So that’s my 6 tips to offer you, so to help you start therapy and I hope by sharing these points, it has given you some ‘food for thought’, to reflect, as well as have a better awareness and possible reassurance of counselling.

My lasting thoughts are….

  • It is best not to keep secrets from your therapist, as this may sabotage your therapeutic journey. Remember that your therapist is there to support you in whichever direction, you wish to go, therefore be open and your true self, with your therapist.

  • Trust the process - remember... therapy at various times in our life, can be more difficult to do, than other times, depending on external and internal factors and what needs exploring. Be prepared to work through your concerns, even when it gets difficult, as challenging subjects and revisiting the past, can bring about difficult emotions, thoughts, feelings and behaviours. Your therapist may also show curiosity and challenge your thoughts, feelings and silences. Therefore, trust the process of reflection and development, so you can develop an awareness and skillset of self-care and support. However, if you truly believe that the process is not working for you, share this with your counsellor, so you can re-evaluate your needs and/or possibly signpost/transition you to another therapist.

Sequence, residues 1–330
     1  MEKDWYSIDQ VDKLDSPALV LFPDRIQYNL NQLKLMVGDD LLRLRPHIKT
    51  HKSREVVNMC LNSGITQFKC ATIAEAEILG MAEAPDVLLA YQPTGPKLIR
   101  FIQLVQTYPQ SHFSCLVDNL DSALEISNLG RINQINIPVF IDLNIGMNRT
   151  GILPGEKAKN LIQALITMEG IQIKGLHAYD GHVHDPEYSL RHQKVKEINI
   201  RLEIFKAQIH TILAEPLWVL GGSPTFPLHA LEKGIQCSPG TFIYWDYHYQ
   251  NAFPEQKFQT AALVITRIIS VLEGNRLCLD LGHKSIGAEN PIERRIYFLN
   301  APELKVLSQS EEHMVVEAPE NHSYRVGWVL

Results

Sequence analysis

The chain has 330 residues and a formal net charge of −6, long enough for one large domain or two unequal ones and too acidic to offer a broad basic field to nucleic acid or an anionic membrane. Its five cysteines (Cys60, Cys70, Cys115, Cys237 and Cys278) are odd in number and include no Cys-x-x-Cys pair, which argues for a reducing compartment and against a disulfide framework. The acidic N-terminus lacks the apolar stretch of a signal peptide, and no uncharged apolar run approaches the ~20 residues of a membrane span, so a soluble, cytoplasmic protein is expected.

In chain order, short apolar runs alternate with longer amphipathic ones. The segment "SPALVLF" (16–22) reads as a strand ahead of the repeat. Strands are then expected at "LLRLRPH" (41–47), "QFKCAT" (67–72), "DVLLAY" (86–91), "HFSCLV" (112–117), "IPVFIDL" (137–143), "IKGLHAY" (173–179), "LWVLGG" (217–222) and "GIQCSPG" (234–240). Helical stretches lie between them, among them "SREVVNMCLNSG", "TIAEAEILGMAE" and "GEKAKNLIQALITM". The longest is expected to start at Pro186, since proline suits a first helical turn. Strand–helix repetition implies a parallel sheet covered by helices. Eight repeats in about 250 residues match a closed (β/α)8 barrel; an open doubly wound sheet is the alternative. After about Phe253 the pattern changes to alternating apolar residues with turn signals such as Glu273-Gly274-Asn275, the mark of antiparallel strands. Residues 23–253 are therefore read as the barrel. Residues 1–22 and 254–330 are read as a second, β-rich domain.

• Acknowledge the value of time - which is a great healer. Counselling can be short term, mid and long term, and depending on your concerns and/or goals, will determine the time needed to explore and make those relevant changes/developments. If/when you decide to continue your journey, without counselling, speak to your therapist about this conclusion, so that your therapist can finalise your counselling work together, as well as highlight your developed skills and tools to support you moving forward in life.

I wish you wellness on your counselling journey.